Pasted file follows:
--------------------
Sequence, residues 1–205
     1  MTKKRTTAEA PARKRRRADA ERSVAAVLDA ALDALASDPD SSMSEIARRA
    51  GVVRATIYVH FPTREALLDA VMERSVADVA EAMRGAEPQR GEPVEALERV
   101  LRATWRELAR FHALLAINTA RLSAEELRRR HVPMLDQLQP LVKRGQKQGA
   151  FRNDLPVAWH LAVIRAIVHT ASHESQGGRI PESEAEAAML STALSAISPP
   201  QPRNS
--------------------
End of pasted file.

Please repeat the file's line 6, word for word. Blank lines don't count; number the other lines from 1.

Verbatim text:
   201  QPRNS